Description of the subject. The growth of new antibiotic-resistant strains of pathogens represents a huge problem in poultry rearing. There is evidence that dietary yeast could be effective in the protection against a variety of pathogens that can affect poultry health and cause foodborne diseases in humans. Since still few or contradictory information are available for this topic. Objectives. The objective of this study was to investigate the effects of live yeast supplementation in broiler chickens on Salmonella enteritidis and Campylobacter jejuni content in feces, cecum, and skin. Method. Supplemented yeast consisted of Saccharomyces cerevisiae (Levucell® SB20, type boulardii I-1079, Lallemand, France) and was administered at a rate of 1 x 106 CFU.g-1 of feed. On day ten of life, birds were orally challenged with S. enteritidis (1 x 105 CFU/bird) and C. jejuni (3 x 105 CFU/bird). Growth performance, and coliforms, yeasts and lactobacilli enumeration were evaluated on day 0, 10, 20 and 38. Ten and eighteen days post infection (PI), 10 animals per replicate were slaughtered and pooled ceca content were analyzed for yeast enumeration and Salmonella and Campylobacter frequency and enumeration. The presence and the enumeration of Salmonella and Campylobacter in neck and breast skin were performed on one subject per replicate. Results. Dietary S. cerevisiae increased yeast and lactobacilli (p = 0.01) count, while Salmonella enumeration and frequency significantly decreased in neck (p = 0.03) and tended to decrease in cecum (p = 0.06), feces (p = 0.06), and breast (p = 0.08). On 10d PI Campylobacter presence was decreased in cecum (p = 0.01), feces (p < 0.01), breast skin (p = 0.04) and neck skin (p < 0.01), while the enumeration was found to be lower in feces (p < 0.01) and neck skin (p = 0.05). At the end of the trial the frequency of this pathogen was decreased in feces (p < 0.01), and breast skin (p = 0.02), while the enumeration was diminished in cecum (p < 0.05) and feces (p < 0.05). Conclusions. The present study shows that the inclusion of Levucell® SB20 can significantly control Campylobacter carriage in chickens with some positive effects also on Salmonella presence, thus reducing the contamination of carcasses at slaughtering and preventing human foodborne diseases.

Prevalence reduction of pathogens in poultry fed with Saccharomyces cerevisiae / A. Fanelli, A. Agazzi, G.L. Alborali, A. Pilotto, V. Bontempo, V. Dell’Orto, V. Demey, J.M. Caputo, G. Savoini. - In: BIOTECHNOLOGIE, AGRONOMIE, SOCIETE ET ENVIRONNEMEN. - ISSN 1370-6233. - 19:1(2015), pp. 3-10.

Prevalence reduction of pathogens in poultry fed with Saccharomyces cerevisiae

A. Fanelli
Primo
;
A. Agazzi
Secondo
;
A. Pilotto;V. Bontempo;V. Dell’Orto;J.M. Caputo
Penultimo
;
G. Savoini
Ultimo
2015

Abstract

Description of the subject. The growth of new antibiotic-resistant strains of pathogens represents a huge problem in poultry rearing. There is evidence that dietary yeast could be effective in the protection against a variety of pathogens that can affect poultry health and cause foodborne diseases in humans. Since still few or contradictory information are available for this topic. Objectives. The objective of this study was to investigate the effects of live yeast supplementation in broiler chickens on Salmonella enteritidis and Campylobacter jejuni content in feces, cecum, and skin. Method. Supplemented yeast consisted of Saccharomyces cerevisiae (Levucell® SB20, type boulardii I-1079, Lallemand, France) and was administered at a rate of 1 x 106 CFU.g-1 of feed. On day ten of life, birds were orally challenged with S. enteritidis (1 x 105 CFU/bird) and C. jejuni (3 x 105 CFU/bird). Growth performance, and coliforms, yeasts and lactobacilli enumeration were evaluated on day 0, 10, 20 and 38. Ten and eighteen days post infection (PI), 10 animals per replicate were slaughtered and pooled ceca content were analyzed for yeast enumeration and Salmonella and Campylobacter frequency and enumeration. The presence and the enumeration of Salmonella and Campylobacter in neck and breast skin were performed on one subject per replicate. Results. Dietary S. cerevisiae increased yeast and lactobacilli (p = 0.01) count, while Salmonella enumeration and frequency significantly decreased in neck (p = 0.03) and tended to decrease in cecum (p = 0.06), feces (p = 0.06), and breast (p = 0.08). On 10d PI Campylobacter presence was decreased in cecum (p = 0.01), feces (p < 0.01), breast skin (p = 0.04) and neck skin (p < 0.01), while the enumeration was found to be lower in feces (p < 0.01) and neck skin (p = 0.05). At the end of the trial the frequency of this pathogen was decreased in feces (p < 0.01), and breast skin (p = 0.02), while the enumeration was diminished in cecum (p < 0.05) and feces (p < 0.05). Conclusions. The present study shows that the inclusion of Levucell® SB20 can significantly control Campylobacter carriage in chickens with some positive effects also on Salmonella presence, thus reducing the contamination of carcasses at slaughtering and preventing human foodborne diseases.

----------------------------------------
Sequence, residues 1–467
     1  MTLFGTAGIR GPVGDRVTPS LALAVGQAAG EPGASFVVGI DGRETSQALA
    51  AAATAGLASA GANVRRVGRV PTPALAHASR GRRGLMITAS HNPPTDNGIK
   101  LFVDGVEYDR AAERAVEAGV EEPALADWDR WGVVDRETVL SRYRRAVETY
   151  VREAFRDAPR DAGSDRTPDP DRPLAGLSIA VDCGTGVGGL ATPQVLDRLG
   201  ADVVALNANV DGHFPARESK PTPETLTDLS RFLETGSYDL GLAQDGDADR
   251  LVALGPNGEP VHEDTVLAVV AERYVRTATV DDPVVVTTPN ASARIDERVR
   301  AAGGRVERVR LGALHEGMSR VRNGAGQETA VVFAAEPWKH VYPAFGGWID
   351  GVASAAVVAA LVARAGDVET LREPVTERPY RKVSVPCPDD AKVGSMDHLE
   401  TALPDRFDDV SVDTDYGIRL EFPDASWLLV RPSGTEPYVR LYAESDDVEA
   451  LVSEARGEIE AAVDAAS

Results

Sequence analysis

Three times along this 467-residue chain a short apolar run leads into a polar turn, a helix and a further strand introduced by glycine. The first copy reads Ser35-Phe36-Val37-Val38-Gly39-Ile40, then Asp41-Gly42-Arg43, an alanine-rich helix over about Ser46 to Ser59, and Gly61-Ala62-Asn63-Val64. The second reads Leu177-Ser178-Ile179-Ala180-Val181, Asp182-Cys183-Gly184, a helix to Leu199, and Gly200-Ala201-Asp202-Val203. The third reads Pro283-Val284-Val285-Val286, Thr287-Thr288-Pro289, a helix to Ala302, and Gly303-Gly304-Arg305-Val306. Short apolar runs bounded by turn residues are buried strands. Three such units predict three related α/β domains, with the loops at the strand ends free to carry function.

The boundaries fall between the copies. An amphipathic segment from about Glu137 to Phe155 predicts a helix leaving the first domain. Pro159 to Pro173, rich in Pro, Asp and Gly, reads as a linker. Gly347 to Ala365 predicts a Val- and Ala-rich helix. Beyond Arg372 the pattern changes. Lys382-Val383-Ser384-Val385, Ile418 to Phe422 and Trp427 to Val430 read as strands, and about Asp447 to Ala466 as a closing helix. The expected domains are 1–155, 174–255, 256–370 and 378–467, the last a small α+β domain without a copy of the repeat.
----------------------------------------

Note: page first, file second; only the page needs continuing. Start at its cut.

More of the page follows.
Campylobacter; Chickens; Saccharomyces cerevisiae; Salmonella; Skin; Plant Science; Agronomy and Crop Science; Forestry; Biotechnology; Geography, Planning and Development
Settore AGR/18 - Nutrizione e Alimentazione Animale
http://www.pressesagro.be/base/index.php/base/article/view/897
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Utilizza questo identificativo per citare o creare un link a questo documento: https://hdl.handle.net/2434/485756
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